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Understanding the problem of climate change and poverty

Over the past few decades, through collective ambition and coordinated action, our global community has come closer than ever to ending extreme poverty. But the deepening climate crisis threatens to set back our hard-won progress.

2021 was one of the hottest ever years on record, coming at the end of our warmest decade.1 On our current path, global temperatures are on track to rise as much as 3.2°C by 2100, with disastrous consequences.2

Recent reports estimate that climate change could push an additional 132 million people into poverty by 2030.3

People living in poverty are both more vulnerable to the effects of climate change, and the least resourced to adapt to it. The poorest 3.5 billion people are responsible for just 10 per cent of carbon emissions but are already facing the worst impacts of climate change. It is one of the great injustices of our time.

At Tearfund, we see the impact of a changing climate on the communities that we work with around the world. We witness the rains becoming less predictable, crops failing, diseases spreading into new areas and the frequency and devastation of hurricanes and floods growing.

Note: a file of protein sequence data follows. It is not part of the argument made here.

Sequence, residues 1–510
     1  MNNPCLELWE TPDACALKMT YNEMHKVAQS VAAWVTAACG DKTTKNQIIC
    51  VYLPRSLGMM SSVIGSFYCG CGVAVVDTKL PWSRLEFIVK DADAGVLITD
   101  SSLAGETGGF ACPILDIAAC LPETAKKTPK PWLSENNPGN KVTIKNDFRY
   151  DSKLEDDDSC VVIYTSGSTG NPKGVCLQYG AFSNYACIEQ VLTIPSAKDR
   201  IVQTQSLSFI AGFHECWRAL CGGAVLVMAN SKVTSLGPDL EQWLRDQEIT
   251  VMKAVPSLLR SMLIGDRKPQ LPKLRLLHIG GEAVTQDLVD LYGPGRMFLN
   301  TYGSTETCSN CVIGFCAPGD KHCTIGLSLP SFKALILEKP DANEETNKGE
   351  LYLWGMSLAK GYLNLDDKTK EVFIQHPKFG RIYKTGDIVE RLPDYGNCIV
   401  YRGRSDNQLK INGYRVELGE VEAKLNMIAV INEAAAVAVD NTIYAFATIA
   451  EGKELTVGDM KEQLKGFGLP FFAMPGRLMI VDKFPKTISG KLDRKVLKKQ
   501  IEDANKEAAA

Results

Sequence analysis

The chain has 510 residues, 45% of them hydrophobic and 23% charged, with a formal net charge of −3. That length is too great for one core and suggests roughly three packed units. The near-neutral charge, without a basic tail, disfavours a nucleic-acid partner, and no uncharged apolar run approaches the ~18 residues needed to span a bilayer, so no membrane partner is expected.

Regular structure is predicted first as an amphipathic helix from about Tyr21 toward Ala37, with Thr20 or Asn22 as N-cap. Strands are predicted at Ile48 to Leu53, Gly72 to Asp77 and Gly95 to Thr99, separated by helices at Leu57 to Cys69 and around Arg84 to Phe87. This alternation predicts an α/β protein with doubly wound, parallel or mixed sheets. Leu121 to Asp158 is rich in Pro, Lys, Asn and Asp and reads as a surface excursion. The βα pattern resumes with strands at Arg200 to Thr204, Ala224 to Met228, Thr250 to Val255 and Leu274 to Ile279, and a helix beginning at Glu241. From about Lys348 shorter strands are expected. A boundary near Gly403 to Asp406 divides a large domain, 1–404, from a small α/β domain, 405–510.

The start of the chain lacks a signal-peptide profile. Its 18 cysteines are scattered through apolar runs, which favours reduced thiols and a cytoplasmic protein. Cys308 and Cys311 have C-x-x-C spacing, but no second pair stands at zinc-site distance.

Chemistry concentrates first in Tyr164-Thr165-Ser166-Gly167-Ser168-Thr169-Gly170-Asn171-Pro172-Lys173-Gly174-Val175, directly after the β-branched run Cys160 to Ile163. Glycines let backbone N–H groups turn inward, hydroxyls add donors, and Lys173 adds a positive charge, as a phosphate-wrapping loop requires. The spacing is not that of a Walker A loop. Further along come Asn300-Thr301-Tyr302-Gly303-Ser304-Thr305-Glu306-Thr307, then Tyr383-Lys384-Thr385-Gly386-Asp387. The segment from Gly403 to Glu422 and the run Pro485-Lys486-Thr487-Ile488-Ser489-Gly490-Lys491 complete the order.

Villagers from rural northern India
In rural northern India, the impacts of climate change are making it harder for farmers to grow enough to feed their families and make a living.
Rajasthan, in northern India.
Rajasthan, in northern India.

In rural northern India, the impacts of climate change are making it harder for farmers to grow enough to feed their families and make a living.

In Cambodia, the hot, dry weather can mean low rice yields and dying farm animals. There’s less food to eat and to make ends meet, some family members are forced to migrate to cities to find other work. As a result, families are separated and children are left poorly supervised at home.

In central Nepal, Pokhari village is a hilltop settlement that has experienced a gradual decrease in water availability over the past 30 years as a result of frequent droughts and changing patterns of winter and summer rainfall.

In Australia, we are seeing the effects of climate change in Australia, for example in the Black Summer bushfires of 2019-2020, and the extreme flooding on the east coast in both 2021 and 2022. The Torres Strait is facing a number of climate change risks, including coastal erosion and sea water inundation. Some islands in the Torres Strait could become uninhabitable within decades if global temperatures keep rising at their current rate.

And in our region, climate change threatens to displace large numbers of Pacific communities from their homes and livelihoods. In some cases, there is a real threat that entire island nations will be lost to the sea.

1. "2021 one of the seven warmest years on record, WMO consolidated data shows",


3. World Bank: Poverty and Shared Prosperity 2020: Reversals of Fortune